For some diseases, the symptoms are obvious. A kid has red spots and a fever: that would be the measles. Or is sneezing and sniffing like mad: that would be a cold. But for others, the symptoms might not be so obvious and it will take a specialist–or more likely an old experienced country doctor–to figure it out and prescribe the correct treatment.
Moving over into the field of computers, file fragmentation can be like that. Performance slows down–that’s a very clear indication that files on a drive have become fragmented and it’s taking the computer longer to access them. Simple. But there are other symptoms that might cause a system administrator or other IT personnel to implement all kinds of solutions that don’t solve the problem, because the real problem isn’t clearly indicated.
One not-so-obvious symptom is that workstations are slow after installing Windows Updates. While the immediate reaction might be to curse the update, possibly uninstall it and call Microsoft, you should have a look at the fragmentation level first–especially if it consistently happens. Much of the time such updates–as well as many third-party applications and updates–are severely fragmented after installation. Making sure a competent defragmentation solution is in place and running prior to installing updates will ensure that performance will not be affected by the installation itself.
Another symptom that might not point directly to file fragmentation is slow backups. The first instinct in such a case might be to suspect the backup solution, causing frantic calls to the solution’s tech support or other tweaking that never gets a result. Backing up a fragmented disk can take tremendously longer than one on which files are not fragmented, simply due to the extra I/O traffic required to access each and every fragment of every file–and files in hundreds or even thousands of fragments are not at all uncommon. So again, it’s a good idea to check fragmentation levels before chasing up other paths which may lead nowhere.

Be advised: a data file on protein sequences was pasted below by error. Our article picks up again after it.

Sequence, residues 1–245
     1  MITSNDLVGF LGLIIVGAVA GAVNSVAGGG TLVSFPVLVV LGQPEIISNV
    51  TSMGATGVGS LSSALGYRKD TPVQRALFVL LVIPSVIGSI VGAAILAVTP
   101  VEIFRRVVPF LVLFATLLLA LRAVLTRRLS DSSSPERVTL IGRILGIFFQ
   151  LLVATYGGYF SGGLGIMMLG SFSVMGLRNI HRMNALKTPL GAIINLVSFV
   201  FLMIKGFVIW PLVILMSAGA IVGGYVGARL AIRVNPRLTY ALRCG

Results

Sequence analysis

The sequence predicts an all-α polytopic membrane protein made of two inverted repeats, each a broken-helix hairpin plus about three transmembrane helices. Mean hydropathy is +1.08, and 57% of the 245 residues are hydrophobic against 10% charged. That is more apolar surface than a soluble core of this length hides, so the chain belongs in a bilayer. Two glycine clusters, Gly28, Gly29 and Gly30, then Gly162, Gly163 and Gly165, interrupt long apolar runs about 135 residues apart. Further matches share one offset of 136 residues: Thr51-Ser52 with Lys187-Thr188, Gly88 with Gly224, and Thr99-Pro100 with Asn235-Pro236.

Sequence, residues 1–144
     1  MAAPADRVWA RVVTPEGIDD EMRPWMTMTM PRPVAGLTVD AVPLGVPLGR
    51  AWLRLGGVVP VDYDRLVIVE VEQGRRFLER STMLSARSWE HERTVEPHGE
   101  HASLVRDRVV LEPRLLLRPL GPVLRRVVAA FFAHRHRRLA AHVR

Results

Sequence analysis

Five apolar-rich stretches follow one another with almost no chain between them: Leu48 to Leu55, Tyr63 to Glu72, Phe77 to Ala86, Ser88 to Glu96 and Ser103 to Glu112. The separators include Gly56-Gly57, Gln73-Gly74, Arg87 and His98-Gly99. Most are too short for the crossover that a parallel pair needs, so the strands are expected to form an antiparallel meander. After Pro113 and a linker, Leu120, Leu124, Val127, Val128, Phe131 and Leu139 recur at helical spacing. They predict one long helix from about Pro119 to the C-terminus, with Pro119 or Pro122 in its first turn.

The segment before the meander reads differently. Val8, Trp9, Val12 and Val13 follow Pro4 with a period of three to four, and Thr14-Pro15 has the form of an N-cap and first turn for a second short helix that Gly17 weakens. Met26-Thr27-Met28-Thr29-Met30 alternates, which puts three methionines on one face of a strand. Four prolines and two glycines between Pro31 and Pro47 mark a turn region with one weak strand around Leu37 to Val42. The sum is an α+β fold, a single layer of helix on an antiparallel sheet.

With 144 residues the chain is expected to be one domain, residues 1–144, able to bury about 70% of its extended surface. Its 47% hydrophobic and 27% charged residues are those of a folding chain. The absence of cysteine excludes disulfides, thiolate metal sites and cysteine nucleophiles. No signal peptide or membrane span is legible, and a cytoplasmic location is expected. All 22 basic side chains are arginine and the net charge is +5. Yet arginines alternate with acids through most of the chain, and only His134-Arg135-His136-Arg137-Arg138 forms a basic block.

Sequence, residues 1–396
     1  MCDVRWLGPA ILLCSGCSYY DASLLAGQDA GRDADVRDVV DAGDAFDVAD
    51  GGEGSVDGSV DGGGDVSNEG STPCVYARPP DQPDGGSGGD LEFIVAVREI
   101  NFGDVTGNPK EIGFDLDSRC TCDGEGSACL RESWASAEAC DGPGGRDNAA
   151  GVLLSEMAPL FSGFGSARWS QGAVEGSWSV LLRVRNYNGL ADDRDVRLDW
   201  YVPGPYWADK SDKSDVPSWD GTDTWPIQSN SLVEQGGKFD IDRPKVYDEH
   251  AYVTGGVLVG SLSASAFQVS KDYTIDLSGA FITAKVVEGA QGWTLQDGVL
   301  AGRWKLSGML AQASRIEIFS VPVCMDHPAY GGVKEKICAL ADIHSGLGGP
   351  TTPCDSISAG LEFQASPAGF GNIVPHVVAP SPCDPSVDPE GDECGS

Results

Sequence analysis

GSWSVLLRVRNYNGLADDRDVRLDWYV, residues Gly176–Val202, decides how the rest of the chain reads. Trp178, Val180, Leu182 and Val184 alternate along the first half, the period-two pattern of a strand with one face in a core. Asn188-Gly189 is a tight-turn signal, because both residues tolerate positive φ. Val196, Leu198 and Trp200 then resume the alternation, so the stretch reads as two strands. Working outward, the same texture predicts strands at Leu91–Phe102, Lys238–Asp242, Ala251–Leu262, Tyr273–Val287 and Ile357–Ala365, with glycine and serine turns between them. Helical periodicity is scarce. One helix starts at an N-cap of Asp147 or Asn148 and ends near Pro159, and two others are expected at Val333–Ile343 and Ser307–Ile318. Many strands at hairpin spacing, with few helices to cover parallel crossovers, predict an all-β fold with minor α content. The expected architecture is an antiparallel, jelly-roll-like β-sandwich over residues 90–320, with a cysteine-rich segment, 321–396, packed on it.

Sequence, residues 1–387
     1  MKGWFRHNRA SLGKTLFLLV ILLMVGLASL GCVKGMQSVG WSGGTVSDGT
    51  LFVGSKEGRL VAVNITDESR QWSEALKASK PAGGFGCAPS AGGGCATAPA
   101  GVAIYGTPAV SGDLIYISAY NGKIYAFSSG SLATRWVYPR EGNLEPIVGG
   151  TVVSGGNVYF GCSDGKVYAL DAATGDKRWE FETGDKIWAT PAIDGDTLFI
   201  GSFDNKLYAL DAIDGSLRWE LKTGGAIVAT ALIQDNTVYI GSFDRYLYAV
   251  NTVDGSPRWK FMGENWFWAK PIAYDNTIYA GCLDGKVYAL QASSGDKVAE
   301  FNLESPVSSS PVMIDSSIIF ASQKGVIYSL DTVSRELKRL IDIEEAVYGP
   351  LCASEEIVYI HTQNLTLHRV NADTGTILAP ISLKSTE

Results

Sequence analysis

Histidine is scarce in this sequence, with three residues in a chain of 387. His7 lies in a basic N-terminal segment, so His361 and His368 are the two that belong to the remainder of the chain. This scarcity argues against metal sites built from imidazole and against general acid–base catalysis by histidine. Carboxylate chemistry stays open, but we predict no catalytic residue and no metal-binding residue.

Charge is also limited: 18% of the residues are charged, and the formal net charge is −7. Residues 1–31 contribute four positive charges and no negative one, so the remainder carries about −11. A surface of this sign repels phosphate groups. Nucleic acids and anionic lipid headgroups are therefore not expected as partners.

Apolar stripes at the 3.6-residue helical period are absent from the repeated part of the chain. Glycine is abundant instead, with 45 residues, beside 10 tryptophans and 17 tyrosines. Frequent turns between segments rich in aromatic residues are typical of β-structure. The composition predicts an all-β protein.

While defragmentation is the answer to such problems, it’s also a matter of the correct defragmentation technology. A good doctor stays current on the latest effective medicines and won’t prescribe last decade’s remedy when a better one is now available. Scheduled defragmentation is last decade’s remedy. Times at which defragmentation can be scheduled are quickly disappearing due to 24X7 operation, and due to today’s fragmentation rates, fragmentation is continuing to build and impact performance in between scheduled runs.
The totally modern remedy is a completely automatic solution, one that requires no scheduling and one which consistently, invisibly keeps fragmentation at bay. Since the only resources used are those which would otherwise be idle, there is never a negative performance impact from defragmentation. With a constant dose of the right medicine, computer systems are always healthy and symptom-free.
It’s just what the doctor ordered.